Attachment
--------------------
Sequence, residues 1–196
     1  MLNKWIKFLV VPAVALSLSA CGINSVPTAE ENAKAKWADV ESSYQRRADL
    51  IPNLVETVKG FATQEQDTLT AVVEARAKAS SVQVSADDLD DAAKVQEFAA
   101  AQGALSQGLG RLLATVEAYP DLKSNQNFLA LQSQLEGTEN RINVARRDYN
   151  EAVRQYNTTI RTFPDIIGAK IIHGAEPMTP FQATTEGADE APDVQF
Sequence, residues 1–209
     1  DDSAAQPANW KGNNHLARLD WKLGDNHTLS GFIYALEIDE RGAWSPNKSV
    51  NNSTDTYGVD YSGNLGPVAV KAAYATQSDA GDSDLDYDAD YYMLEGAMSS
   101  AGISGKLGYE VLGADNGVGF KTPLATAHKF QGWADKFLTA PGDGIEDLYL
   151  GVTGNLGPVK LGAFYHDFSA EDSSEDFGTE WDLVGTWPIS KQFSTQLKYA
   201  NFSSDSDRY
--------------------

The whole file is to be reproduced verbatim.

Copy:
Sequence, residues 1–196
     1  MLNKWIKFLV VPAVALSLSA CGINSVPTAE ENAKAKWADV ESSYQRRADL
    51  IPNLVETVKG FATQEQDTLT AVVEARAKAS SVQVSADDLD DAAKVQEFAA
   101  AQGALSQGLG RLLATVEAYP DLKSNQNFLA LQSQLEGTEN RINVARRDYN
   151  EAVRQYNTTI RTFPDIIGAK IIHGAEPMTP FQATTEGADE APDVQF
Sequence, residues 1–209
     1  DDSAAQPANW KGNNHLARLD WKLGDNHTLS GFIYALEIDE RGAWSPNKSV
    51  NNSTDTYGVD YSGNLGPVAV KAAYATQSDA GDSDLDYDAD YYMLEGAMSS
   101  AGISGKLGYE VLGADNGVGF KTPLATAHKF QGWADKFLTA PGDGIEDLYL
   151  GVTGNLGPVK LGAFYHDFSA EDSSEDFGTE WDLVGTWPIS KQFSTQLKYA
   201  NFSSDSDRY